Last year, the Smart About Salt Council released a public service piece for consumers undefined the Get A Grip program. The Council uses this message to promote wearing proper footwear in the winter, and that high heels and dress shoes do not provide enough protection and traction during winter storms. The possibility of being hit with a slip and fall claim is the biggest reason for the over-application of salt at public facilities. The Get A Grip program is intended to remind people they are responsible for their own safety. Lobe says that the individuals who decide how much sidewalk salt to apply are often influenced by higher levels of management looking to avoid frivolous insurance claims. By making PSAs such as Get a Grip available for posting around offices, Lobe hopes to engage all the influencers in the SAS message about the unnecessary application of salt. Get a Grip posters can be downloaded for free at www.smartaboutsalt.com/getagrip.


  • 03 Jun 2013 3:39 PM | Deleted user

    Eric Hodgins, President of the Smart About Salt Council announced today that effective June 14th, Bob Hodgins will be stepping down as Executive Director and taking a well deserved leave after steering and growing the program for the past 2 years. “Bob has been a driving force of the Smart About Salt program and has worked tirelessly to build it over the past several years.  Bob should be recognized for his significant contributions to the snow management industry –not just parking lots and sidewalks through the Smart about Salt program, but on highways across Canada.  We are committed to preserving Bob’s legacy through the Smart About Salt program”.  Bob will continue to provide training and advisory support to the program and ensure a smooth transition.

    Leanne Lobe will be assuming the position of Executive Director. Leanne co-designed the Smart About Salt Program and was heavily involved with the program at its inception. “We are excited about the experience and leadership that Leanne will bring to the program” said Eric Hodgins.  Leanne will be supported by Shawna Barrett, Administrative Coordinator who will provide administrative support to the program.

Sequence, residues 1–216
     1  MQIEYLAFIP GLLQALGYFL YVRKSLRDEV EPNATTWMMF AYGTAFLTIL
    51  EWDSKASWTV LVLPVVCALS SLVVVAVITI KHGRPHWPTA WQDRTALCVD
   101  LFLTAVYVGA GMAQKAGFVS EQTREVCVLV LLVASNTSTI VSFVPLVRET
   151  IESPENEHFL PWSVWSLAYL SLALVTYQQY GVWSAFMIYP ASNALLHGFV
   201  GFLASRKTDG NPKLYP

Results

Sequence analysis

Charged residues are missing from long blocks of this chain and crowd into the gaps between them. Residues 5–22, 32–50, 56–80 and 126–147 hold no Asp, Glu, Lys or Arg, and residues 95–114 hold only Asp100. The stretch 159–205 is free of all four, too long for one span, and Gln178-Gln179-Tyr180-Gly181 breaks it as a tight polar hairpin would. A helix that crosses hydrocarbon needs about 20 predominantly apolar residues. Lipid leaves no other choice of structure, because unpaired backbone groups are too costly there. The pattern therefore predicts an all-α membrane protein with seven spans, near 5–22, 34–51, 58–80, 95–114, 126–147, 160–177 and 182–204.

The Smart About Salt Program continues to expand with more agencies requiring their contractors to be Smart About Salt Certified and more facilities being certified. The program expansion is also bringing sponsorship support. We are seeing a significant reduction in salt use by our member companies as they commit to being Smart About Salt.
  • 23 May 2013 7:29 PM | Deleted user

    Jim Galbraith is charged with keeping one of Canada's largest Universities operational during the winter. Read about his experiences with the Smart About Salt program in this excerpt from the University's Sustainability Newsletter. Jim says "Looking back at the first year of implementing the Smart About Salt program, Western staff are proud of their success. The Landscape Services team will continue to provide safe passage for all pedestrians and vehicular traffic on campus, while reducing negative financial and environmental impacts." In a followup email Jim identified the following salt savings:

    When comparing the light 2011-2012 winter to the 2012-2013 winter (considered to be 3 times as bad), the University saw a 22% reduction in its bulk salt use. "The actual percentage decrease would be even higher if we did a comparison against similar past winters. This is an incredible achievement made possible by the SAS training and our dedicated staff that truly understood the effects of salt and the proper use of salt for winter applications from your training session", said Galbraith.

  • 25 Mar 2013 5:07 PM | Deleted user

    A City of Ottawa Council Motion (Ref # ACS2011-CMR-TRC-0017) was passed that all Contractors, and all required City staff, become certified in the Smart About Salt certification program to be eligible to perform snow clearing work at City facilities and parking lots.  

     

    This motion is currently only for snow maintenance operators who perform snow clearing and salting operations at City parking lots and facility laneways.

     

    As such, the City will be including this mandatory requirement in all new contracts issued by the City of Ottawa for the 2013/2014 winter season.  

    All existing contracts will remain unchanged until retendered.   Therefore all existing contracts including those that contain extension option years will remain the same as originally tendered.

    The Smart About Salt Council has training coming to Ottawa on April 9th. People can register online.

  • 30 Jan 2013 11:49 AM | Colleen Brown